Student Achievement

Indiana Officials Are Tinkering With Time

By Samantha Stainburn — May 01, 2014 2 min read
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School officials in Indiana are looking to longer school days to help students get on grade level and give teachers more opportunities to plan lessons together.

All elementary schools in the state’s third largest school district, Evansville and Vanderburgh County, will lengthen their school day by 34 minutes in the 2014-15 school year, the Evansville-Vanderburgh School Corporation School Board recently announced. The new school day will last almost seven hours, from 8:15 a.m. to 3:10 p.m. High schools and middle schools in the district already have a seven-hour day.

“We have had [one of] the shortest elementary days in the state for quite some time, and that’s a list we don’t want to be on,” Superintendent David Smith told me. “Any time we can have our students work longer with our incredible staff, it’s a benefit.”

But the extra half hour will also allow schools to schedule more collaborative planning time for teachers, in which they can share ideas, Smith said. “We know the overall gains for students are greater when teachers have the opportunity to collaborate, but we really didn’t have a structure in place to provide that specifically.”

Principals who’ve introduced collaborative planning periods have replaced teachers’ personal planning time once or twice a week with group planning sessions. “By adding more time, we’ll be giving teachers back some of their personal planning time,” Smith explained. “Not only will teachers have the benefit of professional time together, they will also have a less frenetic day.”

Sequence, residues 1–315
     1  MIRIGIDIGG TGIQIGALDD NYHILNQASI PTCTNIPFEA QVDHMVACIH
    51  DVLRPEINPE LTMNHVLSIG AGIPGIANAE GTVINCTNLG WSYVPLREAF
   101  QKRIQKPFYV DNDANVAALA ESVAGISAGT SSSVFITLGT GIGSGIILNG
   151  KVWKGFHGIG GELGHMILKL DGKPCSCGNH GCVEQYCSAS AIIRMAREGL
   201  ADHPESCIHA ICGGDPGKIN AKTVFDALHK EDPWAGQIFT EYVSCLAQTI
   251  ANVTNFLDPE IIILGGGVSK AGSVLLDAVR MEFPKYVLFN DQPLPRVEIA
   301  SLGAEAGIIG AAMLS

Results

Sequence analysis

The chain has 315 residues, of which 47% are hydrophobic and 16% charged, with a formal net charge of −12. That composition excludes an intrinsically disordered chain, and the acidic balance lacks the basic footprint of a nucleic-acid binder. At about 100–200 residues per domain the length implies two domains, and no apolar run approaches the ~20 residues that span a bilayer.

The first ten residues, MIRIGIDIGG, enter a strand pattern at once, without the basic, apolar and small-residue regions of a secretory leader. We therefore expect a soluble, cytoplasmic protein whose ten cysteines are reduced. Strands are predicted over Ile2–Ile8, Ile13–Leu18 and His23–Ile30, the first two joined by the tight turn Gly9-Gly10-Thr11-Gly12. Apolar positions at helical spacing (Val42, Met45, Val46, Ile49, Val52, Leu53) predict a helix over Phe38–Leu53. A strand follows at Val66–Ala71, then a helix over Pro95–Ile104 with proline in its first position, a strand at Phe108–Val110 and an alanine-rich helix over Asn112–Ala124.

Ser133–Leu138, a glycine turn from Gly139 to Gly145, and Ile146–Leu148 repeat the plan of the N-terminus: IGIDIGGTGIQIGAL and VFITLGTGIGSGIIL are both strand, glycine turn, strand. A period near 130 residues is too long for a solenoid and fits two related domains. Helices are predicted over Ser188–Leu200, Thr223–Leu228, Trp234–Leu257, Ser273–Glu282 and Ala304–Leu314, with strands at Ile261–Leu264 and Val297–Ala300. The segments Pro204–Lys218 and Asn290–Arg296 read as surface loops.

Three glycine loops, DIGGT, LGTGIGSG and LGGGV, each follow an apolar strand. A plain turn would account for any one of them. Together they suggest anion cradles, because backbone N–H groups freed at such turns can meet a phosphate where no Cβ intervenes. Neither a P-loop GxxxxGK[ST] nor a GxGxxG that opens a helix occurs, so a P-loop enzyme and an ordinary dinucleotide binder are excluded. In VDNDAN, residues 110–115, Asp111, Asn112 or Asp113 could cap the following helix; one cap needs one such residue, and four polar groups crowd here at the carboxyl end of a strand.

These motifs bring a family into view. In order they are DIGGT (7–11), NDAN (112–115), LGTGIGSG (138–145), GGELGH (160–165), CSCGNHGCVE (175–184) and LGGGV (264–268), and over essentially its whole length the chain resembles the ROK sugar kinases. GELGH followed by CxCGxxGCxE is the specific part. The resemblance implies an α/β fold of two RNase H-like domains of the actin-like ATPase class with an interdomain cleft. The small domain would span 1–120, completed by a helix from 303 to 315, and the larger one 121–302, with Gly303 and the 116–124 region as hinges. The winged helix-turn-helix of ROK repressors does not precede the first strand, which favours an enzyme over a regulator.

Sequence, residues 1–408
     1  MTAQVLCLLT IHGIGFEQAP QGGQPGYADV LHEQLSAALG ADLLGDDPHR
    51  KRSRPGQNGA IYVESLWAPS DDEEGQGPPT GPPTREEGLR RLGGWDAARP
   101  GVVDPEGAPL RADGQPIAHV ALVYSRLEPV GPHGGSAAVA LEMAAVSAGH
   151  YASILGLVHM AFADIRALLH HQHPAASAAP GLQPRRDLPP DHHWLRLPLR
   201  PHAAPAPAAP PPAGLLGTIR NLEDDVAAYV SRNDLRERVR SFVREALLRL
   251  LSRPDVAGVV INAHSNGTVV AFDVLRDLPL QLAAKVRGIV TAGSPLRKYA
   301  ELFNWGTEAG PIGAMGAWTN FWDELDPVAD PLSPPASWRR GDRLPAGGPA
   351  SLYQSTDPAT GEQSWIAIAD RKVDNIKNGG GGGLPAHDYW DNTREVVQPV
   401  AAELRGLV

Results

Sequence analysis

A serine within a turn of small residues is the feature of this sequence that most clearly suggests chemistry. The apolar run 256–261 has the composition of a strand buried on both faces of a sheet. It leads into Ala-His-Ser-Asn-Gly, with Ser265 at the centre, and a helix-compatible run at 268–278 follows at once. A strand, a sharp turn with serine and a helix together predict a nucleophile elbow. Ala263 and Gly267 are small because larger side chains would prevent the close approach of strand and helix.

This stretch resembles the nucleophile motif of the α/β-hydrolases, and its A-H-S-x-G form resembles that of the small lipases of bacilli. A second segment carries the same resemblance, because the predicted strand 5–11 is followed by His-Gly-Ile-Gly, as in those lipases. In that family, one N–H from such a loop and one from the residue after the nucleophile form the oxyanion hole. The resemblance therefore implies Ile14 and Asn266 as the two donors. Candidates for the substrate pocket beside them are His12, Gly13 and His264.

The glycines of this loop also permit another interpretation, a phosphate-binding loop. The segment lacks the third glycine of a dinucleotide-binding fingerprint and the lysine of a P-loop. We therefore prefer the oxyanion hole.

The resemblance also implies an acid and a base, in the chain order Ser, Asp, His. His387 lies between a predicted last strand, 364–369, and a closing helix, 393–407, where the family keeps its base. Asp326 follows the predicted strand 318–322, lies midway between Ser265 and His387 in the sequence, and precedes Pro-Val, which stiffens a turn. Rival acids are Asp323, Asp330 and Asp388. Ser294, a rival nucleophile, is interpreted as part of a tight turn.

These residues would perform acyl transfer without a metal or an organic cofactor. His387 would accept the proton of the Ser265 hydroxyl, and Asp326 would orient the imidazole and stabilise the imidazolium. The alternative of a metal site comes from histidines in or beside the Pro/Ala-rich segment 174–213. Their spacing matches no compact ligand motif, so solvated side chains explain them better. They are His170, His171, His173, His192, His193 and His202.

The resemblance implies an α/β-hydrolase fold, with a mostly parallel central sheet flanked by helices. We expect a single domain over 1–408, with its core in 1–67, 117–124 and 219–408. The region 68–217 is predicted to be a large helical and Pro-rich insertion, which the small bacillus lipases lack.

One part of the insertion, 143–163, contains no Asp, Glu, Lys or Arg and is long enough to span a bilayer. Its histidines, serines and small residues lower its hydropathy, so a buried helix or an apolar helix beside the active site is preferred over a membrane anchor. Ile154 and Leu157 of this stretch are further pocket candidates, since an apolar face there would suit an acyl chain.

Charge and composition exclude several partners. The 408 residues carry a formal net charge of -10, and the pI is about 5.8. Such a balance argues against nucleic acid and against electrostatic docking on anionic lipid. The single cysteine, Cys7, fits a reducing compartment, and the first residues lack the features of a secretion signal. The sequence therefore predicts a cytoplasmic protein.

Meanwhile, Lewis Ferebee, superintendent of the Indianapolis Public Schools, said at a talk at the Central Library in Indianapolis last week that he’s interested in exploring extending school time in at least some of the city’s schools to give a boost to students who are performing below grade level.

“The research is very clear, especially in literacy,” he told Chalkbeat Indiana Bureau Chief Scott Elliott, the moderator of the event, which was sponsored by local PBS and NPR affiliate WFYI Media. “If you are more than two years behind you need at least 90 to 120 minutes more of instruction compared to those students who are on grade level to get on grade level and surpass those students with achievement. What we have to do is find creative ways to ensure students get that time.”

“Unfortunately, students may get that time by losing out on something else,” Ferebee continued. “I’d like to see us explore options where students get the arts, they get the physical activity they need and still get that remediation time. Sometimes I think that may require us to have a longer school day for select students or select schools.”

“The traditional 180-day, six-and-a-half-hour model is antiquated,” he said. “If you look at many of the charter schools in Indianapolis that are getting results, you either see a longer school day or a longer school year. I think that’s something we need to explore for IPS.”

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A version of this news article first appeared in the Time and Learning blog.